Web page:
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Burnout Control of Fires in Abandoned Coal Mines and Waste Banks by in Situ Combustion.
Chaiken-RF; Dalverny-LE; Irani-MC; Zlochower-IA
Proc 7th Underground Coal Conversion Symp Fallen Leaf Lake California, Sept 8-11 1982 :380-392
The Bureau of Mines investigated a novel approach to eliminating environmental and public safety hazards that are associated with fires in abondoned coal mines and waste banks which involves the use of in situ combustion technology to accelerate the burning of the wasted coals in place. This technology would be used under exhaust ventilation control conditions that would allow for total management of the hot gases produced. Combustion stoichiometries would be optimized to minimize unburnt combustibles and to maximize the heat content of the gas products, which will be exhausted at one or more fan locations. When necessary, scrubber systems would be employed to remove air pollutants, such as sulfur dioxide; heat utilization systems (process heat, steam, and electricity) would also be employed to offset operational costs. Ultimately, complete burnout would solve the fire and acid water formation problems of the abandoned coal mine or waste bank. Pertinent technical data from the burning of tonnage quantities of coal and coal refuse under simulated in situ conditions are discussed in this paper in terms of burnout control.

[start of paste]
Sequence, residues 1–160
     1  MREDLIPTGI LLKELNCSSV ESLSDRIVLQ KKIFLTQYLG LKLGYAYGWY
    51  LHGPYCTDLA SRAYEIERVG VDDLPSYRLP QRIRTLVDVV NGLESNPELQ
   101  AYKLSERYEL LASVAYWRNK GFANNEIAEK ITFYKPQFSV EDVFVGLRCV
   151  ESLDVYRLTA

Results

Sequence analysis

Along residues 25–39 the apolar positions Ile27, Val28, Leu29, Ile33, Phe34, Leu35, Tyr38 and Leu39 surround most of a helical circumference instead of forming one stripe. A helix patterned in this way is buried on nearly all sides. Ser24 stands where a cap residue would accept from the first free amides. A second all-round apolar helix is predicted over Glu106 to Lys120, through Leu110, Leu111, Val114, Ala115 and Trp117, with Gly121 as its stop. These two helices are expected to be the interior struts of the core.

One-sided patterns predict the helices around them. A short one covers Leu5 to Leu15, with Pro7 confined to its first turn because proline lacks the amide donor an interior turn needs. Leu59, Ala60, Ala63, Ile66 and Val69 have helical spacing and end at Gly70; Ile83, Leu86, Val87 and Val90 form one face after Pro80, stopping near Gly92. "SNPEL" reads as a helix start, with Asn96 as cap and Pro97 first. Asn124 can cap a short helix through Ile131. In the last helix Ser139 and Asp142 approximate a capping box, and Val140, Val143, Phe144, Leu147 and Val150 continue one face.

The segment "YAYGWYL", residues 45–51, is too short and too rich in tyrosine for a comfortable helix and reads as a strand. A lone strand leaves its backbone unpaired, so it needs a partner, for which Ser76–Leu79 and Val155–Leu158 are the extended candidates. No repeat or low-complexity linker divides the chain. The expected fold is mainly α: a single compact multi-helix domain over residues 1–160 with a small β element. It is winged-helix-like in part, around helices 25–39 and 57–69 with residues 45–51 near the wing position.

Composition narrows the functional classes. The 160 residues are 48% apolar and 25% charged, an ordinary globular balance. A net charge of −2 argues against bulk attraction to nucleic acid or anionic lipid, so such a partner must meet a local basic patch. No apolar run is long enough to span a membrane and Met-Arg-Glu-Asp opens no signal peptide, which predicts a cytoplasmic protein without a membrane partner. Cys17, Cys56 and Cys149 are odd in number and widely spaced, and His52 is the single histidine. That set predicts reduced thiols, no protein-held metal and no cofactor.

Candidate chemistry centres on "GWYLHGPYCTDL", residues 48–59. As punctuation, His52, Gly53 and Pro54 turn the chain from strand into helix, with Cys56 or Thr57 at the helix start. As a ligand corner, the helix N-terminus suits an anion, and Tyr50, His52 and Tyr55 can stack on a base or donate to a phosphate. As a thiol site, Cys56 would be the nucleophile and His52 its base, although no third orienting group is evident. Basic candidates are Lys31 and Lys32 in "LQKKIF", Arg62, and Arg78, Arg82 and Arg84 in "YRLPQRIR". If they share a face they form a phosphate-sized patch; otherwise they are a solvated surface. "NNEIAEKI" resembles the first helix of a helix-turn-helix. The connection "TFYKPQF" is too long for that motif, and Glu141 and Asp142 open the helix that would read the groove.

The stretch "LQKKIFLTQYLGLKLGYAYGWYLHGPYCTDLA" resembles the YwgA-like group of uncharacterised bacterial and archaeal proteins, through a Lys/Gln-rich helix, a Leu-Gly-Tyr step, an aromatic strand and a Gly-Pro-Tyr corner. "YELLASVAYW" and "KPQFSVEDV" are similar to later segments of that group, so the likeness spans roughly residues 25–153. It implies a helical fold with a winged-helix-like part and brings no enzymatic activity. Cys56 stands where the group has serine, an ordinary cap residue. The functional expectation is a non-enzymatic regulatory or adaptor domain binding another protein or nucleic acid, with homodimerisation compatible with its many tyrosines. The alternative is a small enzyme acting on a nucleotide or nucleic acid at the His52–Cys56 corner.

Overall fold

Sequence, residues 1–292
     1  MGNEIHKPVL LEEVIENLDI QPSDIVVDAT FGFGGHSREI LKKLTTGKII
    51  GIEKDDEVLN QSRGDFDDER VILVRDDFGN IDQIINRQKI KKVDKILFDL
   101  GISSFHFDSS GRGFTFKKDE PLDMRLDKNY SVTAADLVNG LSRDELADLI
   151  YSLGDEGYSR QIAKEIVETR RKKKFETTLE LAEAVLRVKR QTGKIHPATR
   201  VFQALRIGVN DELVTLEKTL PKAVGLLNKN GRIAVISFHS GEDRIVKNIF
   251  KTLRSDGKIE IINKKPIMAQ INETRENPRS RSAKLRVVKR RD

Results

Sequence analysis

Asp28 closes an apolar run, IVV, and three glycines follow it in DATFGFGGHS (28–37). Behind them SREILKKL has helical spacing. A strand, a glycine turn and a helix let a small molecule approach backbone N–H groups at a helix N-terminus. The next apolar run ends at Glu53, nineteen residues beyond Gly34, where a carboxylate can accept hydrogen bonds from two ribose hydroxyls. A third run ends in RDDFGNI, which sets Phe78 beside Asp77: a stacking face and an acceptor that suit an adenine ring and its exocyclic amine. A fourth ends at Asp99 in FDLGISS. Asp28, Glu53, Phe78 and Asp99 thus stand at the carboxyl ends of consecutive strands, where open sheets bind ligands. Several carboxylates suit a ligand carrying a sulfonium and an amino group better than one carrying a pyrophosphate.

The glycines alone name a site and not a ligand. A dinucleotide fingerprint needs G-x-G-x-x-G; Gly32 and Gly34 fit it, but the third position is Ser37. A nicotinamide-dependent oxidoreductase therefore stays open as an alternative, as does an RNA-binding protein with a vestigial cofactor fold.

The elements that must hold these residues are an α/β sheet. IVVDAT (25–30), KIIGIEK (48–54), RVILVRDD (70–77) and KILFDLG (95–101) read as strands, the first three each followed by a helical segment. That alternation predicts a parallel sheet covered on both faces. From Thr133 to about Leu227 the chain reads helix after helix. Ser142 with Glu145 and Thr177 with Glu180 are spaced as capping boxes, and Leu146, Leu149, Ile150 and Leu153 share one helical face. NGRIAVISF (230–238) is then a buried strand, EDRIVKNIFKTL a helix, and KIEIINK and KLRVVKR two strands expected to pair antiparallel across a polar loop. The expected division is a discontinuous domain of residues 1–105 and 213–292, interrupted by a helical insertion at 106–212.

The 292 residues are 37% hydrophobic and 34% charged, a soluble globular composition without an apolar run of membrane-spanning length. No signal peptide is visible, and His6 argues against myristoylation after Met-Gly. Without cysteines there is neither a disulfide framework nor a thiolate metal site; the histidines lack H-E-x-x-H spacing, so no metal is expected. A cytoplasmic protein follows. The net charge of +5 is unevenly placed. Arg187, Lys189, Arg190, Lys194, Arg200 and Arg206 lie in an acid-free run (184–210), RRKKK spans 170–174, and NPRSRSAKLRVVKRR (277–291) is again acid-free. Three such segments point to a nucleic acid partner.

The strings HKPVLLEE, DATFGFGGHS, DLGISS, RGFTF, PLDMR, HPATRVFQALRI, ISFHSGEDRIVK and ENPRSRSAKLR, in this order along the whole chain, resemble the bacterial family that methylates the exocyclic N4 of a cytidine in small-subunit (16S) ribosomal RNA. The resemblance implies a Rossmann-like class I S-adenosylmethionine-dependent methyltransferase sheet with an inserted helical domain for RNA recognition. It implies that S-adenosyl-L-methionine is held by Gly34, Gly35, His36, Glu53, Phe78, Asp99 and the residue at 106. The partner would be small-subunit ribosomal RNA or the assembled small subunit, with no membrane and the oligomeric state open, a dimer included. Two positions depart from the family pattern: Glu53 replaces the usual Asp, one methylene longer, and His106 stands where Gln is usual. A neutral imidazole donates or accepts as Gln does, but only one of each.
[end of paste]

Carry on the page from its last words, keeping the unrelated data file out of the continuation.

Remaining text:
Proc. 7th Underground Coal Conversion Symp., Fallen Leaf Lake, California, Sept.8-11, 1982, PP. 380-392
Page last reviewed: April 12, 2019
Content source: National Institute for Occupational Safety and Health Education and Information Division